Photo Contest Finalists and Winner Announced

Hello, everyone. You will see my previous post was about a photo caption contest courtesy of photographer and writer Kristopher Hensel. Well, the contest played out and we got a bunch of entries. This was a tough decision for us but we managed to narrow it down to a top five and then to a victor. Here’s a statement from Kristopher:

“Everyone engaged in creative pursuits is a winner. Keep your pencils sharp – we’ll do it again soon.”

Hear that? More opportunities on the horizon. Exciting, huh? Well, not as exciting as it will be for one lucky writer.

Here is the picture that all five finalists had to work with.


There’s a lot you can do with that. Is it literal? Is it metaphor? Is it magick? Is it art? All the contestants wrestled with this and came at it from different angles but five did it best.

Gary Arthur Brown

Lee Widener

Lynn Mc Sweeney

Chad Lutzke

Baz Harrigan

These are the five that impressed me most. From here, Kris and I conferred and we picked one standout whose work absolutely blew Kris away.

That standout was Lynn Mc Sweeney.

Congratulations, Lynn! Bragging rights and the 119 dollar prize are yours. Keep watching my page for more opportunities like this. Finalists will be eligible to enter the next contest but Lynn, the winner, will not. You could be next!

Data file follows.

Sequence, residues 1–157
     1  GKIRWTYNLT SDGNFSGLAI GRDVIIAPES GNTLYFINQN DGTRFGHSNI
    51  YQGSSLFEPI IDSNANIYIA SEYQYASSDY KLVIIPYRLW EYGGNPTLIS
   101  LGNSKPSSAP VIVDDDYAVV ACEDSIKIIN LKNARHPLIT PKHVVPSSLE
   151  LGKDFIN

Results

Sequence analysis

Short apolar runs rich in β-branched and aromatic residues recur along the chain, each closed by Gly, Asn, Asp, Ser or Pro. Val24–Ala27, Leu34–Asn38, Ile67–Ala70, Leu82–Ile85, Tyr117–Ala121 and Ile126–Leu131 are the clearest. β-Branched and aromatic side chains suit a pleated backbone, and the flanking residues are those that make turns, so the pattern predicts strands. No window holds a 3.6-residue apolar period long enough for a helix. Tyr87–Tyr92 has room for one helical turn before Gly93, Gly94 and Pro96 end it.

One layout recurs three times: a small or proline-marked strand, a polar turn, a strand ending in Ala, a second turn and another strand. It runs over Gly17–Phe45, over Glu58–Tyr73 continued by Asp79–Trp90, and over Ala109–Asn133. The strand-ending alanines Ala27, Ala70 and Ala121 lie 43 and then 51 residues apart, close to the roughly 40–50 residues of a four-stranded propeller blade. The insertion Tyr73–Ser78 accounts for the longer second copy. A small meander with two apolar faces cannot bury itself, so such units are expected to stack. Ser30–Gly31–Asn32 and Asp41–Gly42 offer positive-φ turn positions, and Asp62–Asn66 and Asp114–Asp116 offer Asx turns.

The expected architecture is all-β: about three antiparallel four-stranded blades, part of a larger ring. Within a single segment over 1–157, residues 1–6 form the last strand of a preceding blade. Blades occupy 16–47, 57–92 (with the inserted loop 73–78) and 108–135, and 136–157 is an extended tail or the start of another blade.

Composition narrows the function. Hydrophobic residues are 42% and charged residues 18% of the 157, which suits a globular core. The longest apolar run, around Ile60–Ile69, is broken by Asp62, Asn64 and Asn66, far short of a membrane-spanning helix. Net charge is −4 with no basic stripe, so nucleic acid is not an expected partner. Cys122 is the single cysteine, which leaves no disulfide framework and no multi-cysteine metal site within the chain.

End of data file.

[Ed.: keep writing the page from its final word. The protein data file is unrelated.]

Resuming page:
An Opportunity Courtesy of Photographer and Writer Kristopher Hensel

I do a lot of different jobs for a lot of different clients. Sometimes this means I get to provide special opportunities for writers, or artists or publishers I know. This December and January, I get to provide another such opportunity. Photographer Kris Hensel documents the magic and mystery of life in Mexico. His work captures the vibrancy of an exciting, organic culture.  But he wants to try and do more with these pictures. That’s where some of you come in.

Kris is having a contest. There’s no entry fee. There’s no newsletter to subscribe to. There’s no restrictions on who enters. Kris and I will be judging who can write the best 1000 word story using this photo as a prompt. The winner gets 119 dollars. That’s more than 10 cents a word, which is pretty damn generous. The winning story will also appear in Kris’ upcoming book of photos and prose.

Here is the photo.


Send a 1000 word story about and inspired by this photo to by February 14th. Kris and I will then decide who wrote the best story and award them the prize. There are no restrictions on entry and don’t worry about whether you have worked with me or not.  I have high expectations of authors I know, so they’ll be working as hard as writers I don’t. Good luck to everyone!

New Bizarro Author Series 2015

This year, Rose O’ Keefe of Eraserhead Press gave me a beautiful opportunity and an amazing challenge. She asked me to put together and edit a lineup for the New Bizarro Author Series imprint. Each year, Eraserhead Press takes on a group of authors who don’t have an established presence in the Bizarro genre and gives them a chance to strut their stuff and market themselves with one novella. Thanks to my workshops and my client base, I saw a lot of manuscripts and a lot of promising talent trying to get into the genre and I was thrilled to be able to help. I am proud to say, I found nine authors who I felt each represented something I love about Bizarro. We worked together and gave you the nine best we could.